How Often Can You File Bankruptcy?
Can You File for Bankruptcy Multiple Times?
There are no limits to how many times you can file for bankruptcy, even if you have received a discharge before. If you want to file for bankruptcy again, you will need to wait a certain amount of time before you are able to discharge your debts again. If you file for bankruptcy before the time limits have passed, then it is likely you will not receive a full discharge.
Your ability to file another bankruptcy and thus receive a discharge are dependent on these things:
- The type of bankruptcy you have previously filed
- The type of bankruptcy you are seeking to file
- How your previous bankruptcy was finalized: either through discharge, dismissal, or dismissal with prejudice
- When you previously filed.
At Resnik Hayes Moradi LLP , we can evaluate your financial situation and advise whether you are eligible to file bankruptcy under any chapter of the Bankruptcy Code. From our offices in Los Angeles and Sherman Oaks, our attorneys have helped thousands of clients throughout Southern California overcome financial hurdles. We are happy to meet with you in a free consultation and answer all your questions about repeat bankruptcy filings.
How Often Can Someone File for Bankruptcy?
- Previously Filed Chapter 7 and Filing Chapter 7 Again: If you received a discharge in Chapter 7, you must wait 8 years from the date you filed that case before you can file another Chapter 7 and receive a discharge. The law allows you to file Chapter 7 bankruptcy once every eight years, up to a total of three times in your life.
- Previously Filed Chapter 13 and Filing Chapter 13 Again: If you received a discharge in Chapter 13, you must wait 2 years from the date you filed that case before you can file another Chapter 13 and receive a discharge. It typically takes three to five years for a Chapter 13 to be complete. Once your first Chapter 13 is closed, you can be eligible for discharge in another Chapter 13 filing. There is no limit to how many times you can file for Chapter 13 bankruptcy. Even if you are currently ineligible to file Chapter 7, you may be able to find relief through Chapter 13 bankruptcy.
- Previously Filed Chapter 7 and Filing Chapter 13 Now: If you received a discharge in Chapter 7, you must wait 4 years from the date you filed before you proceed with a Chapter 13.This is often called a Chapter 20 bankruptcy, and can be effective for paying off priority debts or catching up on a missed mortgage.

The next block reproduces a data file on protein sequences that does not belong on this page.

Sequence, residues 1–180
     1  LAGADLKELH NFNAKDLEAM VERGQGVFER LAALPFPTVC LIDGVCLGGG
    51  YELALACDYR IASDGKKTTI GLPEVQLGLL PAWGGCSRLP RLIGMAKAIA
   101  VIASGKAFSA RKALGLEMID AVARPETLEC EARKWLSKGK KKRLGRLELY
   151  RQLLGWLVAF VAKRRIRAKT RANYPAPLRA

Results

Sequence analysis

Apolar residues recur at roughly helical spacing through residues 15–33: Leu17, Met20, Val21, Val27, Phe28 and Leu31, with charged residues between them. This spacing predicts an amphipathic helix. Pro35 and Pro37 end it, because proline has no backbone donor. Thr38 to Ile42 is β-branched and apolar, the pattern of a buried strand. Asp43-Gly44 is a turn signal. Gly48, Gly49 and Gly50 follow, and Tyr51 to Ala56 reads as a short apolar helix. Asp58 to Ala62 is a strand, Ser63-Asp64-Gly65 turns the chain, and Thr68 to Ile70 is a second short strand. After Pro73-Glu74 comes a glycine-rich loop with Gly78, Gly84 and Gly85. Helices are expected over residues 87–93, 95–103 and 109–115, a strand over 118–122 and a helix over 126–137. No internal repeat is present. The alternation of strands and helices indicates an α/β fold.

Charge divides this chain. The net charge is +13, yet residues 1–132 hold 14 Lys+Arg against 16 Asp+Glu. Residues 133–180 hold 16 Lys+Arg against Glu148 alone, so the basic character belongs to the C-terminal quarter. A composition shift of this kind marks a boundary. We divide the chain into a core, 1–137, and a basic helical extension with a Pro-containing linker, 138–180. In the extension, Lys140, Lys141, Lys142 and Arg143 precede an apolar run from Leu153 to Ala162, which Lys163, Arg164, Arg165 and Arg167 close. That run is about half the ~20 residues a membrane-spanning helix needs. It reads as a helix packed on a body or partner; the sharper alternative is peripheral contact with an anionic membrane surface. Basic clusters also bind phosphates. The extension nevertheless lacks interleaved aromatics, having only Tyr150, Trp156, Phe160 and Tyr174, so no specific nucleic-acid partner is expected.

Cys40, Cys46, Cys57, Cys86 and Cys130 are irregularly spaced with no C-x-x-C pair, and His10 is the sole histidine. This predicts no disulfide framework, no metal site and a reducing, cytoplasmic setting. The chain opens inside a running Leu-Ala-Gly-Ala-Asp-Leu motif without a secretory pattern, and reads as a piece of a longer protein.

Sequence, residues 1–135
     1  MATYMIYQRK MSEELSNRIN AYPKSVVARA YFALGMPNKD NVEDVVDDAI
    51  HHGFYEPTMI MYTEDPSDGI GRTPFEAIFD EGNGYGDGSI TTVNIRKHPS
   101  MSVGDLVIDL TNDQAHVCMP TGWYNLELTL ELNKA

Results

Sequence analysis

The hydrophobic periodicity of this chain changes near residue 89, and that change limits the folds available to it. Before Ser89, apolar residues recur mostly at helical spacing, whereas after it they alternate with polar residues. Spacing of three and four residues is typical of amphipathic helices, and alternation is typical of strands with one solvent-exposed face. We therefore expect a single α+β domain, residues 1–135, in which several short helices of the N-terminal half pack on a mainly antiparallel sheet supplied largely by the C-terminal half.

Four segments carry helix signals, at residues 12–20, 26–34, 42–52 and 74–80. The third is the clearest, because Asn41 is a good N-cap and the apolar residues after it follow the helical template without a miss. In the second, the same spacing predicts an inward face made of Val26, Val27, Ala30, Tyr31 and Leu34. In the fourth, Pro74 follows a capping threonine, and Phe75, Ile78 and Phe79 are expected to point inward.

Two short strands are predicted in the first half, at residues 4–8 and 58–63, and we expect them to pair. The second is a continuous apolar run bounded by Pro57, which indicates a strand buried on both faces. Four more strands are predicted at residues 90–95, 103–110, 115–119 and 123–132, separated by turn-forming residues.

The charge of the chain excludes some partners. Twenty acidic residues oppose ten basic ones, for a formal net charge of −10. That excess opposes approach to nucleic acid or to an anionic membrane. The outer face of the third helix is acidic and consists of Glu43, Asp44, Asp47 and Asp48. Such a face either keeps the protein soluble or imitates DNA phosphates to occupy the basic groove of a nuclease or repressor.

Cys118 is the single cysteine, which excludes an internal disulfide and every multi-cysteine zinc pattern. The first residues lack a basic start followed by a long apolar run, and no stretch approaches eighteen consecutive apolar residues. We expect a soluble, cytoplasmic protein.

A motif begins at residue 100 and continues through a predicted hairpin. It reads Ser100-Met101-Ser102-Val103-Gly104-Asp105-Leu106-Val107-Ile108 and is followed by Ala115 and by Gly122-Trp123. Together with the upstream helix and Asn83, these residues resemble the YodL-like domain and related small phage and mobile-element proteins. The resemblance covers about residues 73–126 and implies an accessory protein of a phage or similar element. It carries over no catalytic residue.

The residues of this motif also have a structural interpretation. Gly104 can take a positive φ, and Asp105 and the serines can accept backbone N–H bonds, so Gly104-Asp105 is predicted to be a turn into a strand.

- Previously Filed Chapter 13 and Filing Chapter 7 Now: If you received a discharge in Chapter 13, you must wait 6 years from the date you filed your previous case before you can file Chapter 7. However, the six year limit does not apply if, during the Chapter 13 you: 1) paid back all of your unsecured debts, or 2) paid back at least 70% of unsecured debts and your plan was proposed in good faith and your best effort.
As an example, you could file Chapter 7 bankruptcy to eliminate most of your unsecured debt. At some point down the road, you could file Chapter 13 bankruptcy, which would allow you to reduce certain payments, eliminate a second mortgage, removal all junior liens and pay off specific debts more quickly than without filing.
Was Your Bankruptcy Case Dismissed with Prejudice Restrictions?
A bankruptcy court can prohibit you from filing another bankruptcy case if the court dismisses your previous bankruptcy with prejudice. “Dismissed with Prejudice” typically means that you failed to obey the court’s orders or tried to abuse the bankruptcy system.
If this happens, a bankruptcy court can prohibit you from filing for another bankruptcy for a longer period of time than those specified above. A court is also able to forever preclude you from discharging debts that might have been discharged in the case that was dismissed with prejudice.
Experienced California Bankruptcy Lawyers
Have you previously filed for bankruptcy relief and are now wondering if you are eligible to file again? The attorneys at Resnik Hayes Moradi LLP can help. Call (213) 344-0043, or contact our firm online to arrange a free consultation.
Our bankruptcy professionals meet with clients from 7:00 a.m. to 7:00 p.m., Monday through Friday. Weekend appointments are also available.
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